Washington — A concerted effort by Jewish groups to weigh in with Republican and Democratic officials involved in formulating their respective party’s platforms appears to signal a sizable shift in communal priorities since the last presidential election, four years ago.
In official submissions to each party’s platform committee, and in unofficial proposals made in closed-door meetings, Jewish communal officials sounded a similar alarm on Iran, arguing that dealing with Tehran’s nuclear ambitions ought to top America’s foreign policy agenda. In the run-up to the 2004 presidential elections, the major concern of many Jewish activists was confronting terrorism. Fighting poverty also rose to the top of Jewish groups’ domestic concerns, which four years ago were dominated by civil rights issues, including church and state separation and the combating of hate crimes.
Party platforms have long been dismissed as largely ceremonial declarations with little impact on policymaking. But national Jewish organizations have made a substantial effort in recent weeks to convey their views and concerns to leaders of both Democrats and Republicans.
On July 21, the Anti-Defamation League sent both parties a document that listed the group’s suggestions for issues that should be addressed in the Democratic National Committee and Republican National Committee platforms. The ADL argues that the United States and the wider international community must convince Iran to abandon its nuclear program by use of incentives and sanctions, but adds that “no options should be foreclosed to prevent Iran from achieving the ability to produce a nuclear weapon.”
A Jewish communal official involved in the contacts with both the Democratic and Republican Party leadership said that every Jewish group that had talked to members of the platform committee had raised the issue of Iran. According to the official, all groups put forward a request to see the next administration and Congress, whether Democratic or Republican, take on the Iranian threat as a leading foreign policy priority.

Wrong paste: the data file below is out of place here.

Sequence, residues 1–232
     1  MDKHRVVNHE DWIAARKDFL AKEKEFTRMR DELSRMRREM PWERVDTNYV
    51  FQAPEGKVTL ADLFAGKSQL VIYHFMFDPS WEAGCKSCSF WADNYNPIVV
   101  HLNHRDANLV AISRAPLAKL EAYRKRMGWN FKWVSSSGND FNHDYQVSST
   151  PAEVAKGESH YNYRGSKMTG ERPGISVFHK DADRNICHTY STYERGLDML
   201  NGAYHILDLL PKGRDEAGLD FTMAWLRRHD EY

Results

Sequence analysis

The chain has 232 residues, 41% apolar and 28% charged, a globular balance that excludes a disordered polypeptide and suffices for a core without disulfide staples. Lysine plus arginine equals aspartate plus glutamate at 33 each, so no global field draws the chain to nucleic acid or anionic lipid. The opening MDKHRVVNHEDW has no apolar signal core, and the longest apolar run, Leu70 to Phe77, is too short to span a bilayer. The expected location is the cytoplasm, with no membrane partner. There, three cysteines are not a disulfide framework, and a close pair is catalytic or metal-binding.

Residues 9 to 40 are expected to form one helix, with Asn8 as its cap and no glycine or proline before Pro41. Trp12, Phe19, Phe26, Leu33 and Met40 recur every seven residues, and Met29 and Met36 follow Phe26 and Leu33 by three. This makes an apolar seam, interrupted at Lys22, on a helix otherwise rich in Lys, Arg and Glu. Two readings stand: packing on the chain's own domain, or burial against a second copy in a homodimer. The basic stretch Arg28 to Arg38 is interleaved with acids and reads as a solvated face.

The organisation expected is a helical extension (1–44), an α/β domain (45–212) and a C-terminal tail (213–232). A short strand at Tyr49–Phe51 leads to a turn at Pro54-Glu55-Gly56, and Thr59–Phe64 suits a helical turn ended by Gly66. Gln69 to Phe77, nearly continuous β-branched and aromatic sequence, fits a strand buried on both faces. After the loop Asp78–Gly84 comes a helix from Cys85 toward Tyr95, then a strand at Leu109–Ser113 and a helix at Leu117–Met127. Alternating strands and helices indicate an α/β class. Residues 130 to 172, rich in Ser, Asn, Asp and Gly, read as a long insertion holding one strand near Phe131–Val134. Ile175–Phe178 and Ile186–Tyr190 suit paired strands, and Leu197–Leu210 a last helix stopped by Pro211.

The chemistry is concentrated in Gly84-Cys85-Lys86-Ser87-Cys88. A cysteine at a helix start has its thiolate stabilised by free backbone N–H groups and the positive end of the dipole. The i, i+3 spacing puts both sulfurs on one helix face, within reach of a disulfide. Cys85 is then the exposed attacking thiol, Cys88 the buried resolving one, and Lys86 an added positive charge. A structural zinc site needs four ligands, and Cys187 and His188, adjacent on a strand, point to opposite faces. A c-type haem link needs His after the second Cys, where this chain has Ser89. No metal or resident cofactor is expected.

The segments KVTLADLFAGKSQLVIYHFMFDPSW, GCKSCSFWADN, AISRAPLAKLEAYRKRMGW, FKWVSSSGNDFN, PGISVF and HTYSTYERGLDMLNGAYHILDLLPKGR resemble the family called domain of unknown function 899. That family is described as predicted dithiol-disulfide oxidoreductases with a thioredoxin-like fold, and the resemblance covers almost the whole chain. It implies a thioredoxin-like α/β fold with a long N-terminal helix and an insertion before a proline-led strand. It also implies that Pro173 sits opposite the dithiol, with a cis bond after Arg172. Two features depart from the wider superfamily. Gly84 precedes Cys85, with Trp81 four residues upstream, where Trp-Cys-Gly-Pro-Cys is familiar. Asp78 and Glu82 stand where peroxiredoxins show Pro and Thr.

The focus on Iran is a marked shift from four years ago. For example, Iran was mentioned only in passing by the ADL in its 2004 submission to the parties’ platform committees, and then only in the context of Tehran’s sponsorship of terrorism. Fighting terrorism was then the main foreign policy issue for Jewish groups.
The lone major exception was the American Israel Public Affairs Committee, which raised the issue of Iran’s nuclear ambitions before the 2004 elections and called on presidential and congressional candidates running that year to take action in order to stop Iran from becoming nuclear.
Iran was raised as a top priority for the Jewish community at an August 1 meeting of the Democratic platform committee in Cleveland. Ira Forman, executive director of the National Jewish Democratic Council, told committee members that “the Democratic Party should update [its platform] and include language that supports our use of tough, principled diplomacy. The United States must use both carrots and sticks.”
Another emerging priority conveyed by communal officials to Democratic and Republican leaders is to fight the poverty afflicting an increasing number of lower-income Americans. The Jewish Council for Public Affairs led an interfaith initiative calling on Democrats and Republicans to address the issue of poverty in their conventions. The group also sent out interfaith letters to both parties, stressing the need to deal with problems of the poor and not just those of the middle class.
The Democrats have already agreed to include in the conference a prime-time address by former vice president candidate John Edwards that deals with the issue of poverty. The Republicans have yet to respond to the request.
“Dealing with poverty is not something new,” said Hadar Susskind, JCPA’s Washington director and a participant in a communal meeting last month with members of the Democratic platform committee. “But now we are highlighting it to the top of the Jewish agenda.”